Every maker is free to challenge the CBFC directive in the Tribunal or a Higher Court; it had happened in Udta Punjab too, says former CBFC chairperson, Pahlaj Nihalani
By Manishaa R
With the CBFC reportedly ordering three disclaimers, a change in the title and 26 cuts including deletion of all realistic references to Mewar and Chittorgarh in Padmavati, the big question is whether the producers Viacom 18 and director Sanjay Leela Bhansali would agree to the extensive modifications. According to a confidential source, Bhansali was said to be extremely unhappy with the suggested cuts some of which were crucial to the story-telling but were against the idea of approaching the Film Appellate Tribunal, considering that the release of the film was already delayed. Apparently, the makers were now looking at following the CBFC directives and going ahead with the stipulated 9th February release. This is also evident from reports suggesting that the overseas release of Padmavati has been confirmed for February 9 in Canada and US.
Among the three disclaimers which are sought to be placed at the beginning, end and after the interval, are references to historical locations, Queen Padmini and the Ghoomar song, besides other pointers which reflect the authenticity of the storyline. But the biggest setback is the directive to now rename the film, Padmavat, which would imply that the story would be entirely based on the epic poem written by Malik Muhammad Jyasi.
Meanwhile Pahlaj Nihalani has lashed out at the ongoing CBFC chief for succumbing to political pressure and delaying the release of Padmavati thereby causing huge losses to the producers and the entire film industry, “This is a complete loss to the producer and the industry, simply because of the delay caused by the CBFC in viewing the film. As per the rules, the CBFC should have watched the film independently, without allowing the body to come under pressure from the Government. It is very obvious that there was a political move to delay the film,” Nihalani said.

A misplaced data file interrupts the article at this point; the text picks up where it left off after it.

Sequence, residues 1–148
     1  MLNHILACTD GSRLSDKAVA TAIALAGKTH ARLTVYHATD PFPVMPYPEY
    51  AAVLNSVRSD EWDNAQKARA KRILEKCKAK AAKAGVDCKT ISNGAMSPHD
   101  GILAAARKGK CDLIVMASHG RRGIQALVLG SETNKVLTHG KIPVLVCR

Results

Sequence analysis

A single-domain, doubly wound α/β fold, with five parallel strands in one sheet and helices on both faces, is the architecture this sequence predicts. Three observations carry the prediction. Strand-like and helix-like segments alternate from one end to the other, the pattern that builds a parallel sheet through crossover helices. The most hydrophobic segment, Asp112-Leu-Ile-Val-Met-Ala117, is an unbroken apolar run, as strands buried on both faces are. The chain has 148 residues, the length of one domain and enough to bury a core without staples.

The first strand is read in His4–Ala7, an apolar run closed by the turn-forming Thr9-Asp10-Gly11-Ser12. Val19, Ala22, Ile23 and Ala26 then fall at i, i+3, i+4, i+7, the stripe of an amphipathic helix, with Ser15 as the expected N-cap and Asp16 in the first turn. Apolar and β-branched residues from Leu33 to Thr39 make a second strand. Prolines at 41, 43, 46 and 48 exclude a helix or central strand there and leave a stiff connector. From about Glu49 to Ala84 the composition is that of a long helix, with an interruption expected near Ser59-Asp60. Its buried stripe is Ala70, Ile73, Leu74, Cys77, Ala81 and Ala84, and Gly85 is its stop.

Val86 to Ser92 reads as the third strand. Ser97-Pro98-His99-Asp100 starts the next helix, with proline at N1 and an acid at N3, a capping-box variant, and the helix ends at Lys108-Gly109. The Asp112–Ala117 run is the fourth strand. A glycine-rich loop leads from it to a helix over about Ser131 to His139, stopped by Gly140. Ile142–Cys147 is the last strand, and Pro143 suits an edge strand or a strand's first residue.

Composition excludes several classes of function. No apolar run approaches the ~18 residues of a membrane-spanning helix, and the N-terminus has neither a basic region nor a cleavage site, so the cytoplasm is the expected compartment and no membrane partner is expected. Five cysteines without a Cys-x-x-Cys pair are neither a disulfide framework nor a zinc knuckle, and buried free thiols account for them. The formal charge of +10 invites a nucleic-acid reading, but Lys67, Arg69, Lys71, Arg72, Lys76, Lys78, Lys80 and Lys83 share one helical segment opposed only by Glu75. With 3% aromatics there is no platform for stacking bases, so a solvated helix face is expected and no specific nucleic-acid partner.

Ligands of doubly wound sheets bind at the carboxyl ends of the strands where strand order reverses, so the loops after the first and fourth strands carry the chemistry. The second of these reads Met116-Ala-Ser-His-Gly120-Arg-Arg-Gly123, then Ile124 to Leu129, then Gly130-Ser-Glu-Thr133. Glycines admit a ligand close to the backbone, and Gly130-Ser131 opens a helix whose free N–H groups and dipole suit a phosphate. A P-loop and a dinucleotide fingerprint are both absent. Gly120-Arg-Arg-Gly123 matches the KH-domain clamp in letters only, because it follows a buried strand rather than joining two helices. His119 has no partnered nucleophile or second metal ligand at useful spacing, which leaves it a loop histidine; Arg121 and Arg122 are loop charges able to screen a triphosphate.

The former CBFC Chairperson pointed out that the protests and the subsequent political pressure would not have come into play if the film had been cleared on time, “The problems intensified after the delay in the clearance. The CBFC could have seen the film as per the queue of applications and ordered any number of cuts as per the guidelines,” he said.
This is a complete loss to the producer and industry, caused by the CBFC delay in viewing the film. As per the rules, CBFC should have watched the film independently without allowing the body to come under pressure from the Government- Pahlaj Nihalani, former CBFC chief
Nihalani also said that filmmakers, who were not satisfied with the cuts ordered by CBFC, were free to challenge it in the Tribunal or a higher court, “I am not aware about the cuts and modifications but it all depends on the maker and whether or not he is happy with the suggested cuts. He has full liberty to go to the Film Appellate Tribunal or a higher court if he is not in a hurry to release the film,” Nihalani said. He cited the instance of the Shahid Kapoor-Alia Bhatt starrer, Udta Punjab, when he was the Chairperson and the CBFC had ordered 13 cuts in the film, “The producers went to court, appealing against the decision and the film was released with minimal cuts. The court had upheld the freedom of expression of the makers,” he said. At that time the Bombay High Court had directed the CBFC to issue certification to the film with an ‘A’ certificate and a modified disclaimer, adding that a filmmaker had the right to his creative freedom of expression.